THX-1138 nightmare in most of these places. It happens that artists Brittney Anele, Ellen Phillips, and Lindsea Varisco have worked up some antidotes for the overdevelopment blues. Their cure: loose art, the kind of art that has a picaresque feeling, wistful, long-traveled, kind of funny, conversational. Brittney Anele's work is intrinsically comic, but not quite hardy har har. Baltimore-to-Houston transplant Ellen Phillips makes messy, nuanced paintings. Lindsea Varisco's sculptures recall the giant interior casts of Rachel Whiteread, except run through a shrinking machine and a quizzical Richard Tuttle filter. Which is to say, they're anti-monuments, cleverly casual. Everywhere you look, the place has that old car smell, musty, stuffed with memorabilia and fast food residue, broken-up in parts, familiar, messy, fingerprinted, handled.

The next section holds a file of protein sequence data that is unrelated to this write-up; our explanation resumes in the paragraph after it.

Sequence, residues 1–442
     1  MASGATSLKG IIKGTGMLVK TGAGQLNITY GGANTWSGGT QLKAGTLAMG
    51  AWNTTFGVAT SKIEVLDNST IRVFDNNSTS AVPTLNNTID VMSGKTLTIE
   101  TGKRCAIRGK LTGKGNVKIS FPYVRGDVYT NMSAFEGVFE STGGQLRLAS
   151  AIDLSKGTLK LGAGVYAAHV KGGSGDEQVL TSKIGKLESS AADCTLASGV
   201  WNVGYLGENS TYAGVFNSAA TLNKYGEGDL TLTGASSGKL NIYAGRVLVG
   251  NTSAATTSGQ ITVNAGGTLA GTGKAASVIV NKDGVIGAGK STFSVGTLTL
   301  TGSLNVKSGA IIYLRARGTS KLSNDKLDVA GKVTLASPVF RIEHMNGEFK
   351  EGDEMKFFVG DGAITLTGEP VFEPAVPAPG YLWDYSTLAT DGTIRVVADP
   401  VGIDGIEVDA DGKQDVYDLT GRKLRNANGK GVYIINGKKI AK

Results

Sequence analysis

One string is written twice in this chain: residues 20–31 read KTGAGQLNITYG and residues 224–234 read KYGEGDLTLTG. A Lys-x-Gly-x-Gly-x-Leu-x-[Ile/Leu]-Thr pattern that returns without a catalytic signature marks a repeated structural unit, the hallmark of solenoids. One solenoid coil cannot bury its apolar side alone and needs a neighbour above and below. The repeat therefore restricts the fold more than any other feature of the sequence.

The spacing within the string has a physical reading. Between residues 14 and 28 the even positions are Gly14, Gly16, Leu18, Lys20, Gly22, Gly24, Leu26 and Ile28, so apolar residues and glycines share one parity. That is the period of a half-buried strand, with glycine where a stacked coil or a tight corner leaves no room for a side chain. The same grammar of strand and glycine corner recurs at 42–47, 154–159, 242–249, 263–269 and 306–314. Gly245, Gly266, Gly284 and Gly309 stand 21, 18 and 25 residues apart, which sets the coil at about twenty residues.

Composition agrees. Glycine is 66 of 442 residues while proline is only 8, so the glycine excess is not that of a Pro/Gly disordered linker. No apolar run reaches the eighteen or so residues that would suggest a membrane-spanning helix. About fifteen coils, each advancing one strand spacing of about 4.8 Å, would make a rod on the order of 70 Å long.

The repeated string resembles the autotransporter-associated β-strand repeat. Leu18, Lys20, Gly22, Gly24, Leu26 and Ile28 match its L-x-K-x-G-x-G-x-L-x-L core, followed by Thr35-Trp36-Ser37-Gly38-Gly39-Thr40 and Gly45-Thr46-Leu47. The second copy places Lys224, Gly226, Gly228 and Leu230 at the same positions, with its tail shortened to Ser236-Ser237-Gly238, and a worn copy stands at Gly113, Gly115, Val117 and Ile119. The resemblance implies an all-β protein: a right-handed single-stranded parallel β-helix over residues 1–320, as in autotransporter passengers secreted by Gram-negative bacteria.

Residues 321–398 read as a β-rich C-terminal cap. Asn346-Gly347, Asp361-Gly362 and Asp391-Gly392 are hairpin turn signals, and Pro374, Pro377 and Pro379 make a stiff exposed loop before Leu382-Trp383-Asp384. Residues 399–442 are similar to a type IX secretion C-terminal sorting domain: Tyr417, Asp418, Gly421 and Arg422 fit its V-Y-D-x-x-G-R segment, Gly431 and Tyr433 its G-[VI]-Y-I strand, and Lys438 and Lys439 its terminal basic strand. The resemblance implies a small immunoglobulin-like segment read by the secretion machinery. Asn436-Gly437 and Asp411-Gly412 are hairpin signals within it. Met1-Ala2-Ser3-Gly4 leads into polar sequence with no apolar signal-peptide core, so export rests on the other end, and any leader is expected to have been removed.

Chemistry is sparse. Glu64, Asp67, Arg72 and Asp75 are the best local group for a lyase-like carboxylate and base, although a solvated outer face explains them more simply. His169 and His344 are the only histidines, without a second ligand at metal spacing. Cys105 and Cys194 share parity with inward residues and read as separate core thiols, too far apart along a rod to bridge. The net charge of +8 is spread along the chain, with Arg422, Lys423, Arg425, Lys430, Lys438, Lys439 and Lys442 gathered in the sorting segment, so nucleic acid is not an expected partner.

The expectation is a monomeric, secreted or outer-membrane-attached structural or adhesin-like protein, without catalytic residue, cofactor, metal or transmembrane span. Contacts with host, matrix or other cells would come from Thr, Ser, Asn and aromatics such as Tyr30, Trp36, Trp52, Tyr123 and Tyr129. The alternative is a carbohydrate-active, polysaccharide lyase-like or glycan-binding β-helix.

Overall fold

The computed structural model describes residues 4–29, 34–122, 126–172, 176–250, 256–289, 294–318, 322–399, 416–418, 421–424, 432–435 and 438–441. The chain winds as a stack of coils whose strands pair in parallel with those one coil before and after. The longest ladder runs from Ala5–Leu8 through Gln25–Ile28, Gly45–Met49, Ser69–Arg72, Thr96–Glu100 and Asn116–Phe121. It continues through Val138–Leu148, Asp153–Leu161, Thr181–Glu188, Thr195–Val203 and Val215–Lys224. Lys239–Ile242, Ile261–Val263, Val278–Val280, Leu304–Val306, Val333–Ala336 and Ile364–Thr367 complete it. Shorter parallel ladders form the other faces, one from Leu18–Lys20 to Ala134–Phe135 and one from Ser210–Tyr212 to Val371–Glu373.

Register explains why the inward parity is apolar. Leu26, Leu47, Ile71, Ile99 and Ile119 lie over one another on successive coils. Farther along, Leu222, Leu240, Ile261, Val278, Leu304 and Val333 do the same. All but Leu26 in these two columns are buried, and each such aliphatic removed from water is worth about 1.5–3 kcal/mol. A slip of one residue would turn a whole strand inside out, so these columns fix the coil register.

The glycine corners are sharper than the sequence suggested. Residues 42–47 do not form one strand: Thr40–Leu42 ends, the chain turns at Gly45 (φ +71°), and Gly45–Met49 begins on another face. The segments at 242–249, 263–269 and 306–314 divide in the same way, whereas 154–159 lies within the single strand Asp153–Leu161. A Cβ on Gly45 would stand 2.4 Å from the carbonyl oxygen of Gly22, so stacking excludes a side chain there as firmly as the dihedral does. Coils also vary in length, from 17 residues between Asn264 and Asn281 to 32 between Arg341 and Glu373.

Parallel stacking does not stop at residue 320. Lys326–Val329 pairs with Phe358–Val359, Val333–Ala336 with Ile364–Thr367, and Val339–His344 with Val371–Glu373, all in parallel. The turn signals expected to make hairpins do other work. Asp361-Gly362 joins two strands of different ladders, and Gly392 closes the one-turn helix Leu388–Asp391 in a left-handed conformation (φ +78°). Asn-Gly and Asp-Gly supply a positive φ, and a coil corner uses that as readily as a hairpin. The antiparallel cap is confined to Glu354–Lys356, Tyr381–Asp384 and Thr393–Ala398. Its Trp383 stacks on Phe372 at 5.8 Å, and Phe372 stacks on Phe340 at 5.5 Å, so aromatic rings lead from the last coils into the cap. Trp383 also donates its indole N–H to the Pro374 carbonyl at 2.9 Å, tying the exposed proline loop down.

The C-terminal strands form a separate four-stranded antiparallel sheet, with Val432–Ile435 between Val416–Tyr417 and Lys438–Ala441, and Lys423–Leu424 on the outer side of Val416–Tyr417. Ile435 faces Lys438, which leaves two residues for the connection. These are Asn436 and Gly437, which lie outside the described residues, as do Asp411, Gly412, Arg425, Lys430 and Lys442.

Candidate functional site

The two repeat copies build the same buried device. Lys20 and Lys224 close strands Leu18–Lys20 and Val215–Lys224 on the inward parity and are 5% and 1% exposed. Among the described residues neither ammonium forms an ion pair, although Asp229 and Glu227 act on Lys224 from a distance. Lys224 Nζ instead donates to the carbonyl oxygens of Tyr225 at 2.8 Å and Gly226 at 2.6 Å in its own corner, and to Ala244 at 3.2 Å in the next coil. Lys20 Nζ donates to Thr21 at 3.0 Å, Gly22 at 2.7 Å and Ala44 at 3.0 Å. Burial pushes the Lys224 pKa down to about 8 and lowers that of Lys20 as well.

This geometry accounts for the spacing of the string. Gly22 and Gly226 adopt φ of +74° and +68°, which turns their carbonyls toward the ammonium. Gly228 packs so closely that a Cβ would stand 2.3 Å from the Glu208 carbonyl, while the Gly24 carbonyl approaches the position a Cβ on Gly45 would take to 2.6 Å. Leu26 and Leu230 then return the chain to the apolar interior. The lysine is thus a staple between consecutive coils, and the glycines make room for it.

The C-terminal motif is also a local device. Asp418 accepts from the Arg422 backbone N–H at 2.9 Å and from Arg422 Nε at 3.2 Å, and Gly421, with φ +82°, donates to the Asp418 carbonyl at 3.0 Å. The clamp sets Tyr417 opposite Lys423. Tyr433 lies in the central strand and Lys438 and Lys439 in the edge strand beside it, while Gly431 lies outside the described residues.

One drives around the city everyday taking in the endless disused plots, overgrown with loose flora, the mangled construction gear everywhere, the broken up concrete, and that's the nice part of town. After that idyll, just try walking into a gallery without the succumbing to the creeping sadness of polish and aspiration. It's like a